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A Look At The Different Fillers Commonly Used To Create Soil Grout

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When the ground is fractured or unstable, soil grouting techniques allow contractors to use equipment to inject a specifically formulated grout into the ground. Once the grout hardens, the ground is much more stable, which can be highly important in construction zones, residential areas where structures are in danger, and even around highways.

The grout used to inject in the ground is made up of several different components, one of which is a sort of aggregate or filler material that is mixed with fine cement powder before it is liquified. Filler can be several different compounds. Here is a look at some of the most commonly used filler agents and their benefits in soil grout. 

Lean Clay 

Lean clay, which is an organic clay that has had most of the minerals removed, is commonly added to soil grout mixtures. Lean clay is often preferred in areas where there is an environmental concern because it is a more natural grout ingredient. However, the material is not as tough and resilient as some other filler materials because it breaks down faster when exposed to moisture. When lean clay is used, it is common for more concrete to have to be incorporated for that very reason.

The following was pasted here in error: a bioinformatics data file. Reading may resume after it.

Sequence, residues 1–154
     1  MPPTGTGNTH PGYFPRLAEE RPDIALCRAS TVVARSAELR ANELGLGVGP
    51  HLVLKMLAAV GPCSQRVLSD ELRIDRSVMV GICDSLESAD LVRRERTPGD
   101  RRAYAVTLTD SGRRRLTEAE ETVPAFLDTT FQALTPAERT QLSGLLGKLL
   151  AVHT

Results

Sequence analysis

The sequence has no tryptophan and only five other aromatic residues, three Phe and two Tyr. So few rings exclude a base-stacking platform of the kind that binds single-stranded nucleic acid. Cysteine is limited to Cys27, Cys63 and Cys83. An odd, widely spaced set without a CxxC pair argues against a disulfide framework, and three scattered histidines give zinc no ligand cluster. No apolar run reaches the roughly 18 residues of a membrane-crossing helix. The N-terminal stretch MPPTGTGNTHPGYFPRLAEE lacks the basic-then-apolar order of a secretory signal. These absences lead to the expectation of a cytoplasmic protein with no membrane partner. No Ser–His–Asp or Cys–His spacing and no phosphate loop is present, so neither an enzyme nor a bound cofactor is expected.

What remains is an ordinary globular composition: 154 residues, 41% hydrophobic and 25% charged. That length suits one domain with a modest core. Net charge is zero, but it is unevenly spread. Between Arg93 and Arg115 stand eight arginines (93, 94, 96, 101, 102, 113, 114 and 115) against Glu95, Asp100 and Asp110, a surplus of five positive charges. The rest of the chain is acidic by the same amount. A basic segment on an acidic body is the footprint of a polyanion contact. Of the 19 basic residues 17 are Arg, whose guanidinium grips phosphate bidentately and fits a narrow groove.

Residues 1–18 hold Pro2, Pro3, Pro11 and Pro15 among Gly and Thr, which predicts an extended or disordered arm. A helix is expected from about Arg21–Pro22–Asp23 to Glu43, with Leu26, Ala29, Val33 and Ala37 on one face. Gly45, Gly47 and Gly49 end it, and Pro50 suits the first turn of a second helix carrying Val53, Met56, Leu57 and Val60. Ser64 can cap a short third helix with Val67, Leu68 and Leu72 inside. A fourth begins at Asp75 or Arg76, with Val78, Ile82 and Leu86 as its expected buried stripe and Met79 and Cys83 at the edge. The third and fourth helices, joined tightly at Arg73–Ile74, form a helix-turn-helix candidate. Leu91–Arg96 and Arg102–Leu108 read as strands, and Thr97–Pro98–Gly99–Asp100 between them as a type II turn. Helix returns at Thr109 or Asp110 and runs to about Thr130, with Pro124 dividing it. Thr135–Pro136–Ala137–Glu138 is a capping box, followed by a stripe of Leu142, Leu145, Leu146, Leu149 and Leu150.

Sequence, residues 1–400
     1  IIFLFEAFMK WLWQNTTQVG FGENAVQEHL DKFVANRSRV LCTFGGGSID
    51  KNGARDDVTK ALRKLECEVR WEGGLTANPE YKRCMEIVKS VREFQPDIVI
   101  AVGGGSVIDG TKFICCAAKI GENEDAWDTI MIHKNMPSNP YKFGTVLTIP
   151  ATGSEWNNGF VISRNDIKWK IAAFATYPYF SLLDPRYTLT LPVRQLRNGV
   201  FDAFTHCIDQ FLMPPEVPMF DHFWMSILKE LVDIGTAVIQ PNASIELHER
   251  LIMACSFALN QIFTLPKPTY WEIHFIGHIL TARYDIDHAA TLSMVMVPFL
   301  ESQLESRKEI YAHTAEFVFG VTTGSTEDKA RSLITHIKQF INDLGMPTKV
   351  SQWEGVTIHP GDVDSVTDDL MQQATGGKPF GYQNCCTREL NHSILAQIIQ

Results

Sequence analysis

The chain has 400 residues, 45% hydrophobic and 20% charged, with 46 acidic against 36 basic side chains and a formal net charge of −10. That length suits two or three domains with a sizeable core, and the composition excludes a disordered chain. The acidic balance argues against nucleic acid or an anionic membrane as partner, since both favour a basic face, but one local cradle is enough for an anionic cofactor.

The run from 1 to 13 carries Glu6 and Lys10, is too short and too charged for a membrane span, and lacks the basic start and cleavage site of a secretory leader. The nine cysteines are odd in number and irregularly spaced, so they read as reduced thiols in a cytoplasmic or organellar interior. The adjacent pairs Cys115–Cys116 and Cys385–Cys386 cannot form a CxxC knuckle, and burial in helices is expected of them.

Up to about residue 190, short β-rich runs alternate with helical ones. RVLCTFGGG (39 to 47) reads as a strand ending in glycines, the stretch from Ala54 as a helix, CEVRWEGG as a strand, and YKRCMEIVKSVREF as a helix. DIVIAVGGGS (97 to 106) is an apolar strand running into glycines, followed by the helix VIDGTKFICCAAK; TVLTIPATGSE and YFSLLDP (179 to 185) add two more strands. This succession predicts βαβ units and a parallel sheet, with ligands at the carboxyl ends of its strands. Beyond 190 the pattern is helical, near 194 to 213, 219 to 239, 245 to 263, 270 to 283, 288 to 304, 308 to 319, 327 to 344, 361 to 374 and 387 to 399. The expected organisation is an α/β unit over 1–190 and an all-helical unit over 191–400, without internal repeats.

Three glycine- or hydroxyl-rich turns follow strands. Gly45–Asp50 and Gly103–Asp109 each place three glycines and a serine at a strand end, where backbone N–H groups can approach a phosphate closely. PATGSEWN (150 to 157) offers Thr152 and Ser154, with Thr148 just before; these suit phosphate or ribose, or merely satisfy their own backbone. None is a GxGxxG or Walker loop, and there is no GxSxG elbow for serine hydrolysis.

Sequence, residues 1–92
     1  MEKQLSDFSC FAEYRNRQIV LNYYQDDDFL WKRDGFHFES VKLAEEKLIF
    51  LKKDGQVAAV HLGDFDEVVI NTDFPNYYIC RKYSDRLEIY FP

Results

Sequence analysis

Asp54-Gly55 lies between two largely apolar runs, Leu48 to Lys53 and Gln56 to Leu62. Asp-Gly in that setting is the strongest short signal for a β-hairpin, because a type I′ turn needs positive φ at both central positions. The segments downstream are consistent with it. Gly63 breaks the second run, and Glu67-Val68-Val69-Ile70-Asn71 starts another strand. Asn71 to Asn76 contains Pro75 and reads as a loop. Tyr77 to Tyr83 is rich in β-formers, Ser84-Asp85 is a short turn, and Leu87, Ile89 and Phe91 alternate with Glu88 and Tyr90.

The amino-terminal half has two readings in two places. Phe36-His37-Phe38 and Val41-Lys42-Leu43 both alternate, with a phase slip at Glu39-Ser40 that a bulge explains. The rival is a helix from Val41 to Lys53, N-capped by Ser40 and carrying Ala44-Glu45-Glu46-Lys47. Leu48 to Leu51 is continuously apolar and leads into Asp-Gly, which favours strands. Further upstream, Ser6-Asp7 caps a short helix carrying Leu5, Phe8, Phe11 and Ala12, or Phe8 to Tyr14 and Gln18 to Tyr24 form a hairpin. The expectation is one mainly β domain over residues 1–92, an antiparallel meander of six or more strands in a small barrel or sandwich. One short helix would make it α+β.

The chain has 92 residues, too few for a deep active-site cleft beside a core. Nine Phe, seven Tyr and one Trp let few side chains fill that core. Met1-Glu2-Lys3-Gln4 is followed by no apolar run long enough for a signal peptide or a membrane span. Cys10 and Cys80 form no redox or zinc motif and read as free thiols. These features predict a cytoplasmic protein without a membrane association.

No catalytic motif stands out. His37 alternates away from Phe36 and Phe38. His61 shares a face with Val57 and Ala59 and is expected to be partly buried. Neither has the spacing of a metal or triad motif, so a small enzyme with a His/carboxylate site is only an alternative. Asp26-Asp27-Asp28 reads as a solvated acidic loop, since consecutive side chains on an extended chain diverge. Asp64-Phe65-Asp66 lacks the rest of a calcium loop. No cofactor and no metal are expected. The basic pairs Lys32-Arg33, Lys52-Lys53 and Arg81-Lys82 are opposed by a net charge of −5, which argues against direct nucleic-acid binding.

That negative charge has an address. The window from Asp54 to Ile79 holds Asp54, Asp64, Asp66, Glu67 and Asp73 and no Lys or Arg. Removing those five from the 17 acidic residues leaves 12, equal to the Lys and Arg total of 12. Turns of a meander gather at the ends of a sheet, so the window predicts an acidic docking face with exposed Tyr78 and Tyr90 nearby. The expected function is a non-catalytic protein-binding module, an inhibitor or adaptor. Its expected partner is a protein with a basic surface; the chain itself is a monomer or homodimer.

Rock Dust 

Rock dust can be harvested in several different ways, but for soil grout making purposes, the dust tends to come from facilities that crush different types of rock and harvest the dust. The dust can actually be comprised of multiple types of rock, which makes for a good and sturdy filler mixture to incorporate into the soil grout. Rock dust blends well with concrete, passes through the injecting equipment without causing problems, and is fairly inexpensive to obtain. Therefore, this filler agent is highly used in the soil grouting process and relied on by many contractors who specialize in this industry. 


Sand can either be harvested or it can be synthetic, and either can be used to make soil grout. Adding aggregate to soil grout, which also has a fair amount of cement in the mix, helps give the mixture a little more stability. Sand, even though it is one of the finest aggregate materials, can help the grout be more stable under the ground. One of the only downfalls of using sand is that the particles must be a certain size, so it does not cause problems with grouting equipment. Most of the sand used in soil grouting is carefully selected for refined particle size.